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24.03.2008 General News

UNHCR tells Ghana Gov’t to stop deportation of Liberian refugees

UNHCR tells Ghana Gov’t to stop deportation of Liberian refugees
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The UN refugee agency, United Nations High Commission for Refugees (UNHCR), has urged the Ghana Government to cease any further deportation of Liberian refugees in Ghana.

The UNHCR asked the government to stop forcible removals of refugees following the deportation on Sunday, March 23 of 16 Liberians, 13 of whom are registered with UNHCR as refugees.

UNHCR has also issued another strong call to the refugee population at large at the Buduburam Refugee Camp in the Central region, from which 70 individuals were arrested on Saturday March 22 by the secutity services in response to an ongoing demonstration, to desist from any other unlawful actions, including the disruption of humanitarian operations and threats and intimidation which have been made against other refugees and humanitarian workers.

These were contained in a press release issued by the UNHCR in Accra Sunday.

The statement said, the Director of International Protection Services, Mr George Okoth-Obbo, speaking at the Organization's Headquarters in Geneva, stated; “It is very unfortunate that the unacceptable actions of a few have led to this situation. Refugees of course have the duty to respect the laws of the country of asylum established for good public order. Any further sit-ins, demonstrations or other unlawful acts must cease unconditionally.

“At the same time, while fully understanding the frustration of the authorities, I would like to reiterate UNHCR's call to the Government not to make any further deportations and to work with us to address the situation through other mechanisms available within the laws of Ghana. Unfortunately, the victims in all of these are the innocent majority of Liberian refugees who call Ghana home”.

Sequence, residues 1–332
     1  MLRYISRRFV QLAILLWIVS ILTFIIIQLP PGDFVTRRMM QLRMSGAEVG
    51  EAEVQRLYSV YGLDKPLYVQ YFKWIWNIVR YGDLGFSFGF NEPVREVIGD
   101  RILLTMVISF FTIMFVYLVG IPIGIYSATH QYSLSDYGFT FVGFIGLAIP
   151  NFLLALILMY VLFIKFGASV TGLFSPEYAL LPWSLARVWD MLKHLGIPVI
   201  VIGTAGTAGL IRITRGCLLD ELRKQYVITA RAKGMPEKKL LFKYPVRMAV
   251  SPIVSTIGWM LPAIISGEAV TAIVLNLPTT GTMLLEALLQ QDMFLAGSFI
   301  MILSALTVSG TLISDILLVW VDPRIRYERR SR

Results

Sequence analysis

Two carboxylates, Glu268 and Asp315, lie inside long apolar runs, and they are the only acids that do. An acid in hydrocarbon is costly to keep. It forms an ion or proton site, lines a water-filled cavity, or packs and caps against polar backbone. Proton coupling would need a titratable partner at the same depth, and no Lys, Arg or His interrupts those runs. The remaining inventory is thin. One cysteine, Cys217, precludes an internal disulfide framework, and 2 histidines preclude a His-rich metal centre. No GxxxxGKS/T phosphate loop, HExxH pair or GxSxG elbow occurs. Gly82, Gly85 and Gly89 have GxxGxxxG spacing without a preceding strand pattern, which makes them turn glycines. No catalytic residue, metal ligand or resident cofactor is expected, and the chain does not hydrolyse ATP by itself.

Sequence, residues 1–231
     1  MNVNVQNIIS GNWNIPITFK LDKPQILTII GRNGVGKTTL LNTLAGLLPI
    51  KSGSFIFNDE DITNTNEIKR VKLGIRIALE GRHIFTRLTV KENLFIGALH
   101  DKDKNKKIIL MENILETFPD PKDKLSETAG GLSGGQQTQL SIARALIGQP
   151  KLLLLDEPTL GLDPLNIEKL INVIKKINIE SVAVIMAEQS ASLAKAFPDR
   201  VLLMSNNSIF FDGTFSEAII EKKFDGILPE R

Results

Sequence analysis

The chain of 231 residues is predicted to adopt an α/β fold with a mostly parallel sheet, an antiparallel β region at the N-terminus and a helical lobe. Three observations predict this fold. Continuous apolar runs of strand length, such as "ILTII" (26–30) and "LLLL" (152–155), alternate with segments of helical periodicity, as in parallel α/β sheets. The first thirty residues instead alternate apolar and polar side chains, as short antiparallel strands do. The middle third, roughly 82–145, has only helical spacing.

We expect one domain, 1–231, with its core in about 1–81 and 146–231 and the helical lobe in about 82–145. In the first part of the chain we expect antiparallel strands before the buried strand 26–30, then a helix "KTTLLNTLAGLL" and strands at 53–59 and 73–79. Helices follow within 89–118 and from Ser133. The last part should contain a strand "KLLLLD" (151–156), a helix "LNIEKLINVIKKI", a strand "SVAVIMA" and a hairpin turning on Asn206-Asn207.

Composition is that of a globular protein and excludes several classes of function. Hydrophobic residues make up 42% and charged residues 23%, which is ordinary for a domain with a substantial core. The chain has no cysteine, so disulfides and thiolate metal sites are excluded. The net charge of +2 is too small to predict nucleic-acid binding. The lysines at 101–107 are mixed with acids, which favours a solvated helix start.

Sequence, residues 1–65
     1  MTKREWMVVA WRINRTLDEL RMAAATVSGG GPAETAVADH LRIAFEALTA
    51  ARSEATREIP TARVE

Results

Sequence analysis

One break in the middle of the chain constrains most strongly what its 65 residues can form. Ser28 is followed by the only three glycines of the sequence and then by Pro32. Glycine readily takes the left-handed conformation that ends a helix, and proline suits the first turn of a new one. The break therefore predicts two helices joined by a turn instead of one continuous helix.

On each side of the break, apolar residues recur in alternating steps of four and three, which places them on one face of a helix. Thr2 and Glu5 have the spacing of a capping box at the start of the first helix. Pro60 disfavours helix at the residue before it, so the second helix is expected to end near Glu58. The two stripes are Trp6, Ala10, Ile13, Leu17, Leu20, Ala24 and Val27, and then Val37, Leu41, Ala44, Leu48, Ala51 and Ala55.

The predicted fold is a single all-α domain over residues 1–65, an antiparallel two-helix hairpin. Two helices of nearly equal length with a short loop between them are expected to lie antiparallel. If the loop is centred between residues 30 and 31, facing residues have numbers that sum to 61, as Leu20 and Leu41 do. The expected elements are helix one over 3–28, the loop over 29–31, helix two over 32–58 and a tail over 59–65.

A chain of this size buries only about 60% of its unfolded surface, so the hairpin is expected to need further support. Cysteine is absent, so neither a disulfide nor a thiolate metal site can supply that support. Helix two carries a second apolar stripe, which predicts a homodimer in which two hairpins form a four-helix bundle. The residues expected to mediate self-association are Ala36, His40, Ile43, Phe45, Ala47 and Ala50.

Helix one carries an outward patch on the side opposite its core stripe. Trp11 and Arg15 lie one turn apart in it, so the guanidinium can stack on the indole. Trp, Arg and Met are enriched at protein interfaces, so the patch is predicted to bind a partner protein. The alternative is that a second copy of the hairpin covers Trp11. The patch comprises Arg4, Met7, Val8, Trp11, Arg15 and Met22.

The sit-in and demonstrations started in February when a group calling itself the “Liberian Refugee Women with Refugee Concerns” started behaving aggressively in their demands to be resettled to third countries. Alternatively, they demanded for the grant being provided to Liberian refugees returning home to be increased to $1,000 from the current figure of $100.

Following an initial hunger strike which included some 100 women, the group, which now had been joined by other mainly male ring leaders, escalated its instigations to a full-fledged demonstration early last week at a football park in front of the Camp.

They also disrupted several aspects of the refugee programme, including the on-going voluntary repatriation of Liberian refugees back home or self-sufficiency activities for those remaining in Ghana.

Refugee children were blocked from going to school and forced to take part in the demonstrations. Humanitarian workers were threatened, making it impossible for UNHCR to visit the Camp because of security concerns.